Bill Clinton, Jean Cretien, and Bill Gates were at a meeting discussing the fate the digital revolution in North America. In the meantime, Saddam Hussien decided he’d had about enough from those three and bombed them.
Nestled in the foothills below the range from Toowoomba, Australia, and surrounded by lucerne fields, lies Flagstone Creek State School. For more than 100 years this school has served as the hub for the community and it is far from being a an old fashioned little school.
How to upgrade your iMac?
The very first computer that I really ever used (excluding the Tron, Spy Hunter and Gorf arcade games) was a VIC-20. I got it for Christmas when I was 6, back in 1984. I was absolutely happy to have something that would allow me to play video games on my computer, and I didn’t have […]
Just a couple letters from our readers this month.
They really do have personality, don’t they? Mac users think of their computer as a member of the family. We’re a little eccentric, we admit that, but there is something really endearing about that hunk of plastic and silicon on your desk.
A few words before we get started. I didn’t unsubscribe anyone who asked to be taken off the list last month, because I did in fact ask you not to do so since I was busy trying to keep this ‘zine alive at the time.
1999 – RR writes: First of all, I’d really like to thank you for the service you (and others, obviously) are performing for the Mac community. You are a tremendous asset, and Mac aficionados the world over owe you a debt of gratitude.
1999 – They say imitation is the biggest form of flattery. Well, Apple, I hope you’re flattered. Lately I’ve seen many iMac iMitations. From a real computer that had the same colors as the iMac to the iToaster, iToilet, and chiaMac.
1999 – I got home last night to find another box from Contour Design waiting for me. (The first one came in February; it contained the Contour USB UniMouse, a very nice three-button mouse for the iMac and the Blue & White Power Mac G3.)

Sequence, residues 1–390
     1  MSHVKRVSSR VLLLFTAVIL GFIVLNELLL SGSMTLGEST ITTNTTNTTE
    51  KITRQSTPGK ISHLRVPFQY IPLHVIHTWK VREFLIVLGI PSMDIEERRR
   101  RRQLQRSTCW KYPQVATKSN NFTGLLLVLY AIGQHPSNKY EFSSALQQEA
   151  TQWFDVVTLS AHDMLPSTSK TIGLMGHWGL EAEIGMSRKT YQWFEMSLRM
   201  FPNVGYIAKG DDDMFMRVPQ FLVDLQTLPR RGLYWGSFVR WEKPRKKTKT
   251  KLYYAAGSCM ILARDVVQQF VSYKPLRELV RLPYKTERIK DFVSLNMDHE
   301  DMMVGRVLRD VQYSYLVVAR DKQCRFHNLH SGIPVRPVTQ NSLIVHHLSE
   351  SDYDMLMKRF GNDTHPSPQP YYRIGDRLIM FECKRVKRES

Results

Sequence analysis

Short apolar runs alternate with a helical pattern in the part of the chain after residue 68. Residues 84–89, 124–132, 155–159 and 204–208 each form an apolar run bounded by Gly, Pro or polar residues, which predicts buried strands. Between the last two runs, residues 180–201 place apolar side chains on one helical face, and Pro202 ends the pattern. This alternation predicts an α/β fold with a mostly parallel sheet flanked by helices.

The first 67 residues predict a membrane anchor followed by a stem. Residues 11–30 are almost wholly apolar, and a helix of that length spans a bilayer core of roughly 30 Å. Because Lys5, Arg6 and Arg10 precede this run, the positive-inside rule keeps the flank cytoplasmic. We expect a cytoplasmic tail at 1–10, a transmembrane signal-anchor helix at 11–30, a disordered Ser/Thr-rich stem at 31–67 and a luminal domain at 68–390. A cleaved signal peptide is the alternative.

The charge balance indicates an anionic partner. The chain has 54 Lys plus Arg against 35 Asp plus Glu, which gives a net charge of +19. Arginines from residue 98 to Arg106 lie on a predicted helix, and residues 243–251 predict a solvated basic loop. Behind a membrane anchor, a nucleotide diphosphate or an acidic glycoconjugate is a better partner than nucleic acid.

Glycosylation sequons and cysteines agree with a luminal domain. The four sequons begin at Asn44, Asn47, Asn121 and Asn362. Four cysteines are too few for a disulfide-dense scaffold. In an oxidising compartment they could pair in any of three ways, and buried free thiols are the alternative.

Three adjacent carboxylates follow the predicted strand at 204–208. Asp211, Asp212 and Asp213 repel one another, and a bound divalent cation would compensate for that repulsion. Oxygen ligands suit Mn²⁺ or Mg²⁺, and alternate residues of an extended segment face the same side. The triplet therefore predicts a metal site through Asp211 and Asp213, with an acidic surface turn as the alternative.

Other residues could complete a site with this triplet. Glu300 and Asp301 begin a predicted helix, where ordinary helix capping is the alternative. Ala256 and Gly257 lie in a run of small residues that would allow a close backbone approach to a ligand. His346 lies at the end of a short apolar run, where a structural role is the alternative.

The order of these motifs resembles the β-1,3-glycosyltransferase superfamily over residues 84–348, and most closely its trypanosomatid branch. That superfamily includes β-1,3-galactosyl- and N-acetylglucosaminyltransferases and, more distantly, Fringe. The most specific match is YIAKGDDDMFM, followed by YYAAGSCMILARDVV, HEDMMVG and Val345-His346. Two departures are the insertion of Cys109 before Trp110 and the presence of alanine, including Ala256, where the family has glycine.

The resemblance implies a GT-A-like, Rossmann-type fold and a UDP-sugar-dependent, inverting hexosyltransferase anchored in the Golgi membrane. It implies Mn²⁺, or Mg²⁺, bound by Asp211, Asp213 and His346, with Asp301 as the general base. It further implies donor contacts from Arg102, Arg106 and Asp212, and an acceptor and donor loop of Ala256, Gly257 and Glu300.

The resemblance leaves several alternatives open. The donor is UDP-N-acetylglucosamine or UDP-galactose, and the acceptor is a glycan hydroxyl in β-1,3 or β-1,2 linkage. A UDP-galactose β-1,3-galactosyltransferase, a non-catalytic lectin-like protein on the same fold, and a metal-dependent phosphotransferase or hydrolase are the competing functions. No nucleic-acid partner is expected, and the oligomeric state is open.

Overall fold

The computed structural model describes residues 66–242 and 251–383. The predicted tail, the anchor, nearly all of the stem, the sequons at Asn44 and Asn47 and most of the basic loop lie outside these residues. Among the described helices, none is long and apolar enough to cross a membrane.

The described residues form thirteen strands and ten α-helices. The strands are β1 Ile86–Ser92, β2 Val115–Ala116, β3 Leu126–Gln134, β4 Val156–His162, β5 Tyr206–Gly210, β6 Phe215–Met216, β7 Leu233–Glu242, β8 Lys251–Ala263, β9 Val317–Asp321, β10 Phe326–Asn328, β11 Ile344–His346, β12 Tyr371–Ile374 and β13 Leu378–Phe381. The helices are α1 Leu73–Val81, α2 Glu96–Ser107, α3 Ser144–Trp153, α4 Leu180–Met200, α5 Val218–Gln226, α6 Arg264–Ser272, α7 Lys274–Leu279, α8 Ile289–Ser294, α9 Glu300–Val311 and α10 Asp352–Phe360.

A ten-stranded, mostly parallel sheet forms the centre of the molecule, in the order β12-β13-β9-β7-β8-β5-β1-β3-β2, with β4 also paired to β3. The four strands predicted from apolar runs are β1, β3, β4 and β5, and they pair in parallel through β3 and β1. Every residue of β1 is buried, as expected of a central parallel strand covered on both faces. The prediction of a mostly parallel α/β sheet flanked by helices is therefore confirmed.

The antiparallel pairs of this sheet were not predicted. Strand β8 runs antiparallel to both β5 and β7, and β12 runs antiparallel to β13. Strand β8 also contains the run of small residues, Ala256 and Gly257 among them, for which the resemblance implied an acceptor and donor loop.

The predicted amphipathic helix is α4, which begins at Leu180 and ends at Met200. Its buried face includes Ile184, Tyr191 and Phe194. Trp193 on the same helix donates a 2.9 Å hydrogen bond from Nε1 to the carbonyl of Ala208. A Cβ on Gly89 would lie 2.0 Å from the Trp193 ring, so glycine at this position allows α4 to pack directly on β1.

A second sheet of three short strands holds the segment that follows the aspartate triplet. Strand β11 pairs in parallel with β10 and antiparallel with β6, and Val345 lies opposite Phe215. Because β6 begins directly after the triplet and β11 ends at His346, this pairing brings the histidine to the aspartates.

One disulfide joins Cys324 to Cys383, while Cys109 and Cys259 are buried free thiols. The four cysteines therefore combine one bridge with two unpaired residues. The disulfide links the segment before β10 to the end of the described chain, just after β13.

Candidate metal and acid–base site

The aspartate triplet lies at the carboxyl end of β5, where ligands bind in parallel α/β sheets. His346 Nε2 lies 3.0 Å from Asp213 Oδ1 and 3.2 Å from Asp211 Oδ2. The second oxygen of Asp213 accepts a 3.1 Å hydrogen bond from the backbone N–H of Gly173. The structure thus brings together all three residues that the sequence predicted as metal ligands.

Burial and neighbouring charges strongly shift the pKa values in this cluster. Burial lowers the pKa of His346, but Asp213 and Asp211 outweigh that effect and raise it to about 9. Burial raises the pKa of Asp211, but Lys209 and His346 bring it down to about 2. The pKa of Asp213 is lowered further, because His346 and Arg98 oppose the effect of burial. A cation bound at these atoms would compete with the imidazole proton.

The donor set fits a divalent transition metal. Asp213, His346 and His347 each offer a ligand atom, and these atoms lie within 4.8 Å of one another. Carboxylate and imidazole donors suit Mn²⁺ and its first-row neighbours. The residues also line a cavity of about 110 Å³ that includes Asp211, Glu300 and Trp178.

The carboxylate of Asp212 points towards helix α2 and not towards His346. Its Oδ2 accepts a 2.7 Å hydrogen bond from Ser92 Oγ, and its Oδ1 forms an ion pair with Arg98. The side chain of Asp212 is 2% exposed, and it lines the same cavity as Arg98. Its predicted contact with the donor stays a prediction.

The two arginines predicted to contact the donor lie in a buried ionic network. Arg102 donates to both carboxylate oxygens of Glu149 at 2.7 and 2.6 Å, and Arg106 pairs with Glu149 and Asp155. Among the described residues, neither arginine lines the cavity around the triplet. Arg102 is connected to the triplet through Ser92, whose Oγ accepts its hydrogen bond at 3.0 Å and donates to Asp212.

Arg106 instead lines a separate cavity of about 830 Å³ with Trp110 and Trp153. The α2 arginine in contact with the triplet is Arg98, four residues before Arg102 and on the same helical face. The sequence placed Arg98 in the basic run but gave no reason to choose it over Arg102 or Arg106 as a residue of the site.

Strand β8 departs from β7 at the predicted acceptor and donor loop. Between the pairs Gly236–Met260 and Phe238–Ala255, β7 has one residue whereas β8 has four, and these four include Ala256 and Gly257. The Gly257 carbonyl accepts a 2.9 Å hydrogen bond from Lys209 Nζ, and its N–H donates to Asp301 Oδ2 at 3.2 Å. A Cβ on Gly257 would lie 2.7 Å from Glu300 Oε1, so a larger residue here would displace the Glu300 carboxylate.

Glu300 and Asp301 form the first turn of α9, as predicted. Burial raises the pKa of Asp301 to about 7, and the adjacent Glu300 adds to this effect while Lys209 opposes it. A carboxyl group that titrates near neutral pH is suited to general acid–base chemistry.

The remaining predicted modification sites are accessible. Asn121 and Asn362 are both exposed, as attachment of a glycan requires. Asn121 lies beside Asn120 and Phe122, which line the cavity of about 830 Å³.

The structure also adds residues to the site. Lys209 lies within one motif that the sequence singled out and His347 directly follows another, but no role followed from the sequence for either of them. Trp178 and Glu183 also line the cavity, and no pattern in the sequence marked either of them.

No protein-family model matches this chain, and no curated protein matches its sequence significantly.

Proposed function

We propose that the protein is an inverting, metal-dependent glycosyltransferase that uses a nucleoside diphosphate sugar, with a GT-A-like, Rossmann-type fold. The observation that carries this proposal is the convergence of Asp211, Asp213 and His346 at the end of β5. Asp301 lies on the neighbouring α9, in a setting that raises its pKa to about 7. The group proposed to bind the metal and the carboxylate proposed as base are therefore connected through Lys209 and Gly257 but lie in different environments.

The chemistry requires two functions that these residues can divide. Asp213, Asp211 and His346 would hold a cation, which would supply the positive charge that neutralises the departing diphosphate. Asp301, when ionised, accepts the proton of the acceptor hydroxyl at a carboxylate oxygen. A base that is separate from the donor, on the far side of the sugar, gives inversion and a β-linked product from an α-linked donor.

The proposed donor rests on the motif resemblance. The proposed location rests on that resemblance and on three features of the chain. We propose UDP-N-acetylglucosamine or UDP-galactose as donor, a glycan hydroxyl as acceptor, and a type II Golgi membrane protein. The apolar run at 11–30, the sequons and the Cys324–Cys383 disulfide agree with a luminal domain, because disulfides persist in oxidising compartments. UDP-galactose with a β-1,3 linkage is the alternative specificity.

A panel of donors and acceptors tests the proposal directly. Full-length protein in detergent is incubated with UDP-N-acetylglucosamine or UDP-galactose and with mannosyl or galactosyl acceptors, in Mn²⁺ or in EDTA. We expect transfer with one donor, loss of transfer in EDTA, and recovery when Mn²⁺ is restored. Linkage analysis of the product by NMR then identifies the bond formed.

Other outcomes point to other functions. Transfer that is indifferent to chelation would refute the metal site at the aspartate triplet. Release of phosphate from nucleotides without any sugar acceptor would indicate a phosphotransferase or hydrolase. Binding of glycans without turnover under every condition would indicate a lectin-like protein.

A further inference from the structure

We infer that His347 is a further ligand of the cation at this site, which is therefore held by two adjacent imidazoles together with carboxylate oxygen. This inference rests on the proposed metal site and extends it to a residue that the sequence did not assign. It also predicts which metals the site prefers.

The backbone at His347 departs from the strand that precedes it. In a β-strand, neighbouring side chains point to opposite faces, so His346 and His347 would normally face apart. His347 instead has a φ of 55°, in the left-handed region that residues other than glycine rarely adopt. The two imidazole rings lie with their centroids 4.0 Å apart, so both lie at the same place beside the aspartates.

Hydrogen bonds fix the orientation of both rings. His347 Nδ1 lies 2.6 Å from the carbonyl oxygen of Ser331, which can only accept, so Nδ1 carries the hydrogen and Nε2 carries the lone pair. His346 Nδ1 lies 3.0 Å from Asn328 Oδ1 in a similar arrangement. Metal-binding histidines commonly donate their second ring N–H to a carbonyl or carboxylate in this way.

1999 – With the Power Mac 7500, 8500, and 9500, Apple introduced a new way of upgrading their computers: the CPU daughter card. Prior to this, all of Apple’s upgrades (except for PPC upgrades to 68K Macs) meant changing the system board.
“Since Littleton, the cost of being different has gone up. Thousands of powerful e-mail messages have chronicled an educational system that glorifies the traditional and the normal, and brutalizes and alienates people who are or who are perceived as different under various names – geeks, freaks, nerds, Goths and oddballs. One of the powerful messages […]
1999 – You yell as your iMac running Mac OS 8.5 crashes again. You’re getting tired of your iMac crashing many times a day. You also think the only way to stop it is to throw it out the window – but there is another solution.
Apple has used the SCSI bus since introducing the Mac Plus in 1986. The SCSI bus must have termination power for clean data transmission. Most Macs provide termination power for the SCSI bus, so most SCSI devices for the Mac don’t need to provide it.
1999 – We’re taking a look at upgrade and replacement options for 68030-based Macs today.
1999 – Did it strike you odd that Apple completely ignored the iMac at the World Wide Developers Conference? Sure, the latest PowerBook G3 is an incredible machine, but what about the Power Mac, the consumer portable, the iMac?
1999 – Lately, many people have been telling me that their iMacs have been giving them many problems. They’ve been reporting crashes, freezes, and other various maladies. I’ve been able to relate to these people, since my own iMac (which I renamed “the useless green lump” – until I fixed it.) was crashing too, for […]
The 1999 version of the PowerBook G3 (a.k.a. Bronze Keyboard and Lombard) was announced on 1999.05.10 and reached stores by the end of the month. At nearly two pounds lighter and 20% thinner than the PowerBook G3 Series, toting Lombard was easier than any PowerBook since the 4.4 lb. 2400.
“One of the machines I have at the present moment is a Mac IIci, with a 68040 card, 128 MB RAM, 280 MB hard drive, and three empty NuBus slots. From what I have read on the list and elsewhere, it would make an excellent server.”
1999 – Lately, many people have been saying to me, “Ha! You have a Mac! Macs are dead!” Well, I don’t think they are. The Mac might’ve been a bit unconscious for a while, but it most definitely isn’t now.
Last year’s article on SCSI component order generated some excellent feedback and dialogue. The following were written by Scott L. Barber of SERKER Worldwide, Inc., and Keith Bumgarner of MacInformed, the author of the original article.